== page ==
The relativisation technique
This technique is a way for a perpetrator to use stories and experiences to diminish a victim's story (Ländin, 2014). It is manifested in situations when a victim tells a story to someone and the perpetrator responds by telling a similar story to 'one-up' the victim's story. The famous 'Four Yorkshiremen' sketch performed by the comedians of Monty Python is based on an exaggerated and over-explicit example of this technique (Monty Python - Four Yorkshiremen, 1967).
Nuances of classical techniques
The preceding sections described the classical and semi-classical suppression techniques presented by Ås (1978), as well as other suppression techniques presented by Ländin (2014) and Eksvärd (2011). Nyberg and Wiberg (2014) have expanded on these techniques by defining ten potentially suppressive nuances. These nuances were identified by studying the comment fields of public individuals, and are not necessarily unpleasant; indeed, they do not necessarily represent an attempt to exercise power over others, and can in some situations be seen as rather casual and uncomplicated.
Social denial involves things such as consciously avoiding liking something emerging in comments and updates. It is done for various reasons, such as to avoid drawing attention to certain persons (e.g. competitors). By using this technique, the perpetrator distances himself or herself from that person and his or her posts or comments, and thereby shows that he or she does not agree with a post or find it sufficiently interesting to confirm.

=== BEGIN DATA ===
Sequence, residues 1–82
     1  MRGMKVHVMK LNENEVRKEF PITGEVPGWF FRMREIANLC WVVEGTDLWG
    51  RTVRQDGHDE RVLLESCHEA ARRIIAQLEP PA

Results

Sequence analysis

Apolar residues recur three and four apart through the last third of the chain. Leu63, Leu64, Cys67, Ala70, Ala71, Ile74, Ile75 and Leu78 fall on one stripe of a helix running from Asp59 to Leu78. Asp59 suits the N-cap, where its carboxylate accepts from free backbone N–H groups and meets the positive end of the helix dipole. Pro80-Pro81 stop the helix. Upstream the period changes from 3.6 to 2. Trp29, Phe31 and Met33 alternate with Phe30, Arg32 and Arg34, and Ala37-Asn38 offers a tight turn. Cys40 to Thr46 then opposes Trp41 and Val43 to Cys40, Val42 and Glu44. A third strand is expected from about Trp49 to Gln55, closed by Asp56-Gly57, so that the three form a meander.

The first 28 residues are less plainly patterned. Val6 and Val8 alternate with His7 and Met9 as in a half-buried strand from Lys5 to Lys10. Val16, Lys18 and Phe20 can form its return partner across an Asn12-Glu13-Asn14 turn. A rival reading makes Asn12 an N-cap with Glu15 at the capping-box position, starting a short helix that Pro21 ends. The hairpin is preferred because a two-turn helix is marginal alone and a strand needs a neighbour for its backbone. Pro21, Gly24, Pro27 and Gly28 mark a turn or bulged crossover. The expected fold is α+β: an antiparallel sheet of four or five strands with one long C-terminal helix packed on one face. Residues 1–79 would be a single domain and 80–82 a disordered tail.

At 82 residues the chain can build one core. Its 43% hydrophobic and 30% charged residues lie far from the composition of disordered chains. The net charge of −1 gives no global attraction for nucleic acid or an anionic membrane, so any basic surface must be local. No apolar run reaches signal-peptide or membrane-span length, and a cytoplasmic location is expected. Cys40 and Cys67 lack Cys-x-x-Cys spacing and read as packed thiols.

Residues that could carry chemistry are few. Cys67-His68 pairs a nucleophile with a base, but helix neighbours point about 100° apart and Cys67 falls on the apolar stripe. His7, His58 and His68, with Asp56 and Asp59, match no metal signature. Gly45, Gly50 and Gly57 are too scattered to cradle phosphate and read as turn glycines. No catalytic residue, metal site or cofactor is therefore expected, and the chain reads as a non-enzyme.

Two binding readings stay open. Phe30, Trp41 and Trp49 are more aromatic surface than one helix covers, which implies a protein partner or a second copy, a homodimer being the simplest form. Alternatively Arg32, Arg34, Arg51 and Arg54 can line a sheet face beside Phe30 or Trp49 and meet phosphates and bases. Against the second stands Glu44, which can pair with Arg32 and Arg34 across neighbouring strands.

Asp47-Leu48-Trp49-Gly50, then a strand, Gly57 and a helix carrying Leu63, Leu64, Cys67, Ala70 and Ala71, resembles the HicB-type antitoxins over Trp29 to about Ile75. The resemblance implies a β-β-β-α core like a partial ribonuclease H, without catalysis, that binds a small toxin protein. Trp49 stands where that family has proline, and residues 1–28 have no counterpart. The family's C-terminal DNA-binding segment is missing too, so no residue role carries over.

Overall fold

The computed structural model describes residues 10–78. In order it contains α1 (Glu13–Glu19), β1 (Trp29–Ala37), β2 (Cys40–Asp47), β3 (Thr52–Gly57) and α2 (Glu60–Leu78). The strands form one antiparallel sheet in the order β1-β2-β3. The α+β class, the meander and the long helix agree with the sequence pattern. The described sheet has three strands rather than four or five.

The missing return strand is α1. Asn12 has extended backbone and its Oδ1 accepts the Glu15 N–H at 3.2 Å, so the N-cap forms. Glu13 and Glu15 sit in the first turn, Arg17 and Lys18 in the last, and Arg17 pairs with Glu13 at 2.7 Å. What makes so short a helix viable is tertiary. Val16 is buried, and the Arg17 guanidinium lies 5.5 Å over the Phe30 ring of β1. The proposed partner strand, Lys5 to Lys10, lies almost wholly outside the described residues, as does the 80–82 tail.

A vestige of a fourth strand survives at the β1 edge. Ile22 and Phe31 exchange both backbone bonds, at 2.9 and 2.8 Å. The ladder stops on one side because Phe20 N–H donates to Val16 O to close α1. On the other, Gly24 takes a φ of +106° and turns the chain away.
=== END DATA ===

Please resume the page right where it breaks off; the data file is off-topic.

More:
This nuance can be connected to Ås' (1978) technique of making invisible, and could in a similar way reduce the sender and indicate that he or she is not worthy of attention (Nyberg and Wiberg, 2014).
Delayed and ambiguous confirmation
Unlike social denial, this nuance is about engendering a feeling of insecurity in the victim by waiting or pausing in conversations. This can be used when a post is considered controversial, too personal, or boastful, and is manifested in delayed or ambiguous confirmation. This includes giving pity likes, i.e. giving confirmation to show sympathy rather than to express appreciation. This nuance also encompasses giving a 'thumbs up' or a like to posts made by people who do not seem to understand language norms, rules and how to behave. Pity likes are a so-called ambiguous phenomenon because they cannot really be interpreted without considering who actually wrote a post and its content (Nyberg and Wiberg, 2014).
Confirmation to make oneself visible
This nuance is about how some individuals showcase themselves for others who are not necessarily part of their networks. By liking a post, a user expresses their confirmation, which is visible to both the person who made the post and to others. In such cases, egoistic motives drive a behavior that at first glance could be interpreted as something completely different. This nuance is not applied to suppress others but to promote oneself and increase one's social status (Nyberg and Wiberg, 2014).
Share to visualize oneself